Unlike my usual wrap up, a witty one-liner, I'd like to tangent for a moment about a horror film archetype that I find particularly interesting: the Final Girl. And with this tangent I'll answer a question I've heard about "American Psycho" many times: "Why doesn't he kill Jean, his secretary?"

The quick and dirty version: The Final Girl is just as she sounds, the final living character in a horror film. Why does she live? Because she's smart, resourceful, and completely outside of society. Why does Jean escape the killing rampage? She's a lite version of the Final Girl; she does nothing special to save herself, simply being herself saves her.

A psychopath can feel love but, only for a woman that society deems as monstrous as himself. And on that bombshell - I'm out.


Popular posts from this blog

Rebuttal: 17 Disturbing Horror Movies You Will Never Watch Again

When I'm not watching movies, I'm reading about movies. I stumble across all kinds of articles, blog posts, book excerpts, etc. in my quest to absorb as much movie knowledge as possible. Now, I'm snotty and loud-mouthed and opinionated but I'd never begrudge another human their opinion. Seriously. You're absolutely welcome to have any opinion about any thing you want. However, I must warn you, if I think your opinion is stupid, I'm absolutely going to say so. I've recently stumbled on an article completely  brimming with so many idiotic opinions that I'm actually compelled to craft a response. Here's the gist of the original article: there are some horror movies out there that are so disturbing , you'll only ever want to watch them once. I've have taken her original list and refuted her claims without pulling her entire article over. You can read the original article here . Let's start at the beginning, with her opening statement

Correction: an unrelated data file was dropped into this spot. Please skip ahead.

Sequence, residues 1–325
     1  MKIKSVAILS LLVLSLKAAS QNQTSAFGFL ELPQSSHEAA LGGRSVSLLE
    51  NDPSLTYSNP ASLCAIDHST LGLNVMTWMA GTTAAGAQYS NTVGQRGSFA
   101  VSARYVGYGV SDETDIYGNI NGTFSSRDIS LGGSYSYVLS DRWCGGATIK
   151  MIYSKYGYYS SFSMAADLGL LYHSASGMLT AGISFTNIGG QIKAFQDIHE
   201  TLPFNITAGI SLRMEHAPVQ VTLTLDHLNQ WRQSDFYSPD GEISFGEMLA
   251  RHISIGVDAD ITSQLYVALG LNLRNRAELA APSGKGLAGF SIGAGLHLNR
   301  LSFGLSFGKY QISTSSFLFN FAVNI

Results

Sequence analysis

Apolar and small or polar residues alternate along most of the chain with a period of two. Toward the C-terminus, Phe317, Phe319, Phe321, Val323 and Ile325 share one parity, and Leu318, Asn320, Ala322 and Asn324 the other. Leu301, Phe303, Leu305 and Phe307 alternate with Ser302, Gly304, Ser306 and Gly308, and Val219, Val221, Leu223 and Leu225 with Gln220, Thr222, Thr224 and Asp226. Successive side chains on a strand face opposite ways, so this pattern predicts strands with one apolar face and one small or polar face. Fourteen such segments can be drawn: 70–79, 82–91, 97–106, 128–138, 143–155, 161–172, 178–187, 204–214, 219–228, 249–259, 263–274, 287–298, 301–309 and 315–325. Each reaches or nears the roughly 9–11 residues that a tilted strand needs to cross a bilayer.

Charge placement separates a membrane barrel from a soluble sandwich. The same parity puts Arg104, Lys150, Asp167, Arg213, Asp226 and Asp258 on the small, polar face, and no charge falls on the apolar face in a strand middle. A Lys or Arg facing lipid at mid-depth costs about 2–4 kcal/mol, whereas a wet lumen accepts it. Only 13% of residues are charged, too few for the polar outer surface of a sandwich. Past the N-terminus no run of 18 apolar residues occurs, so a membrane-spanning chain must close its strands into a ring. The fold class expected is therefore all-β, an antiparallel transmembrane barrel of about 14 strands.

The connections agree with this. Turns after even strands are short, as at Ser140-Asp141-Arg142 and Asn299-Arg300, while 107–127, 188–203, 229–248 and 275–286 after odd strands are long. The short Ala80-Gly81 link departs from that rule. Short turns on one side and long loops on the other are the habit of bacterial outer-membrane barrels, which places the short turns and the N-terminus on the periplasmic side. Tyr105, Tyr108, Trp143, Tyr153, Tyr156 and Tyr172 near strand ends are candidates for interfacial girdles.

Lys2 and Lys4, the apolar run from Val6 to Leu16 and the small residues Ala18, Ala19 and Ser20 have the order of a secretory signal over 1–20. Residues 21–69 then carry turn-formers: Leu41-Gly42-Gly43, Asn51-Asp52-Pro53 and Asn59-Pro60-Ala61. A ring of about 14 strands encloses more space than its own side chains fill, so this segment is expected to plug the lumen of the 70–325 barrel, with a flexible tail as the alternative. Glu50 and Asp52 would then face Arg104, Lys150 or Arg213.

Alright friends and readers–this one is probably doubly filled with typos and grammar errors because I wrote it while angry. Good luck and happy reading. There are unpopular opinions in every realm. As a film student, you can truly strike a nerve when you say things like, "I fucking hate the self-indulgence of independent films and the way people idolize them." Or, you know, "Low lighting and slow pacing does not a good movie make." Or whatever. You can of course, objectively, understand how this happens. When you are creating art–when you are outside the system  so to speak–you are free to explore things (subjects, techniques, etc.) that may need to be addressed and that freedom can become intoxicating and go to one's head. While it may seem only right  or only fair  to respect and accept each creative endeavor that every artist undertakes, it is unreasonable to believe that the world will remain forever patient with the self-obsession artists have. Th

"I live, I love, I slay & I am Content."

Let me tell you a little about myself; something real about the home I grew up in. There were lots of people around all the time. I was the only child. And, thankfully, I wasn't treated as such. Much like today, I was just the shortest member of the household. But what's that really mean? Above and beyond it means that I had many influences growing up. For this entry, my father's influence is the most important. My father loves arms and armor. He loves history and mythology and the art of warfare. And as any good father would, he shared these passions with me as a kid. I remember him making me wooden swords to play with. We played chess together. And I remember him reading me Greek myths and comic books before bed. He also shared his nerdy love of scifi, fantasy, and horror movies with me. For all of this, I am grateful. And I am now passionate about the same things. Spoiler alert: the following statement is not a dick joke. I have a love of swords. And barbarian